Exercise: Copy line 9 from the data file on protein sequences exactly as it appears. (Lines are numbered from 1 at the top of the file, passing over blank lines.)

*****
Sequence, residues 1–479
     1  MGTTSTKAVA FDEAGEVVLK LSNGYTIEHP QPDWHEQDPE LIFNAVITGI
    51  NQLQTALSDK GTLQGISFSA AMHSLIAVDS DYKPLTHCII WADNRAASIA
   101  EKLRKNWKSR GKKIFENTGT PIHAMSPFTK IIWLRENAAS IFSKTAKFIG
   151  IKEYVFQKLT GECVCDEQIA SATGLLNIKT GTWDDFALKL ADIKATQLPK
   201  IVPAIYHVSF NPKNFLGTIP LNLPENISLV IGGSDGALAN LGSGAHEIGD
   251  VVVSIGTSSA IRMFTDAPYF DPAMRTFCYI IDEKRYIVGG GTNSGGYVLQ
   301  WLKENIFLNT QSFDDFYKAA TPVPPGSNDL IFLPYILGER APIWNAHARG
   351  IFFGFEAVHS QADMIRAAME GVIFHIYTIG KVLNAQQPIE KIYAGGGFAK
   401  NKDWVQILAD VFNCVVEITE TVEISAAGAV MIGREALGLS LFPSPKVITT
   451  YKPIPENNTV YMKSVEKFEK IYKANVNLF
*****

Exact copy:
   351  IFFGFEAVHS QADMIRAAME GVIFHIYTIG KVLNAQQPIE KIYAGGGFAK